Destiny Slocum was crammed in a van on her way to the airport with her Hoop Dreams girls basketball teammates when she got the call of a lifetime.
Both team vans pulled over on the side of a Las Vegas road, and her teammates pressed in close to listen. Tears filled Slocum’s eyes as the voice on the other line told her she had been called up to join Team USA at the 2015 FIBA U-19 World Championship in Chekhov, Russia.
“It was kind of crazy, because I didn’t think this was going to happen,” Slocum told USA Basketball.com. “The first alternate had already been picked up and to have a second one is pretty rare. I just started crying when I heard; I was so excited.
“I think it’s everything, it’s the honor you always want to have. You want to do something for your county and (as an athlete) this is the No. 1 thing you want to do.”
Slocum is believed to be the third Idahoan to represent the U.S. women’s national team. Moscow High’s Andrea Lloyd won a gold medal in 1988, and Meridian High’s Tresa Hamson (then Spaulding) participated as an alternate for Team USA at the 1984 Olympics.
The 17-year-old Mountain View High senior-to-be was invited to a tryout with the U.S. national team in May, and left the U.S. Olympic Training Center in Colorado Springs, Colo., as an alternate for the 12-player roster.
“Someone had joked with her that no one ever makes (the team) on the first try,” said Jon Slocum, Destiny’s dad. “She came back a little disappointed, but determined to work that much harder.”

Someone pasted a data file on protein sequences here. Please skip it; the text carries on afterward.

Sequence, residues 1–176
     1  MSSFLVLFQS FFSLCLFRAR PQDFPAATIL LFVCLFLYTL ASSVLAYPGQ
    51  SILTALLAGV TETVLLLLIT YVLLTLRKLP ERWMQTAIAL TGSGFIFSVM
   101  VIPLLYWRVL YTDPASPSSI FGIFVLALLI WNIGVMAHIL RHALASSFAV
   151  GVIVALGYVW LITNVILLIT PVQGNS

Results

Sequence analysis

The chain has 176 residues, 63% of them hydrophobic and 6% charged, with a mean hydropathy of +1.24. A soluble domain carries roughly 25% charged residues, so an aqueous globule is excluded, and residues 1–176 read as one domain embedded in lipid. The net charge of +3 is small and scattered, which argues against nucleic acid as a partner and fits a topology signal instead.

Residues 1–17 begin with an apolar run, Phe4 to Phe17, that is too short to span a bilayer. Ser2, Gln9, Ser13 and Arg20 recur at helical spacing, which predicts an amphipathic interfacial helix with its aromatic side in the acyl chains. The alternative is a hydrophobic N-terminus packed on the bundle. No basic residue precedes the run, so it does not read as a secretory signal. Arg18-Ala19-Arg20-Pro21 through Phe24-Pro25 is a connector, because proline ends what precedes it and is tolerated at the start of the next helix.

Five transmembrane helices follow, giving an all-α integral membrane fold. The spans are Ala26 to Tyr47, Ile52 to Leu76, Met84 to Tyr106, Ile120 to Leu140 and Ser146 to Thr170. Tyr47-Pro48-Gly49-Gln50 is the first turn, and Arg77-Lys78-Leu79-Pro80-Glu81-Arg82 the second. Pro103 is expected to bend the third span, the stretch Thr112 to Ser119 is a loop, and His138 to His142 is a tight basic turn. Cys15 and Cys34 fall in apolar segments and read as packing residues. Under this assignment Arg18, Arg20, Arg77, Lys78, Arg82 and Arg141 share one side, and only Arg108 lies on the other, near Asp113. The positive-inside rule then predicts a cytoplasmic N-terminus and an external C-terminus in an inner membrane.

After Connecticut signee Katie Lou Samuelson had to leave the team this week due to a family illness, Slocum’s number was called.
Slocum, a 5-foot-7 guard, left Boise on Friday morning bound for Russia. She is scheduled to arrive in Chekhov just four hours before the team’s opening game against Spain (11:15 a.m. MT Saturday). Games will be streamed live at YouTube.com/FIBA.
The tournament continues through July 26.
“It’s disappointing that we won’t have Katie Lou on our trip, someone who has so much USA Basketball international experience winning gold medals,” said USA U-19 and University of South Carolina head coach Dawn Staley in a USA Basketball press release. “You can’t really substitute someone who’s been through it at the U-16 level, U-17 level, 3x3. She is a seasoned vet and it’s going to be hard to replace someone like her.
“But Destiny is willing to come in and help us challenge for a gold medal. It’ll be her first stint with USA Basketball, but she’s the type of player who is always in attack mode on both sides of the ball. So, what we lose in Katie Lou’s experience and her ability to stretch the floor, we gain with someone like Destiny who is able to shoot it from the outside.
“She’s got great court vision and she doesn’t mind playing defense on the other side of the ball. We look forward to getting her up to speed and her helping us win a gold medal in Russia.”
Slocum is one of just three players on the U.S. roster with one year of high school ball remaining. The other nine will be freshmen or sophomores in college — all at top-ranked Division I programs.
Slocum initially made a verbal commitment in October to play for Washington, but re-opened her recruiting in April. She led Mountain View to its first 5A state championship in February, averaging 25.1 points, 5.6 assists, 5.3 rebounds and 2.9 steals. She was voted the Idaho Statesman’s 5A All-Idaho Player of the Year and the Gatorade Idaho Girls Basketball Player of the Year.
“That was the whole reason she re-opened her recruiting is because I don’t even think she understood where she was at,” Jon Slocum said. “She told me (Thursday) night that it’s tough for her to see herself the way others view her. And I said I know, because you’re still the girl I can’t get to clean her room.”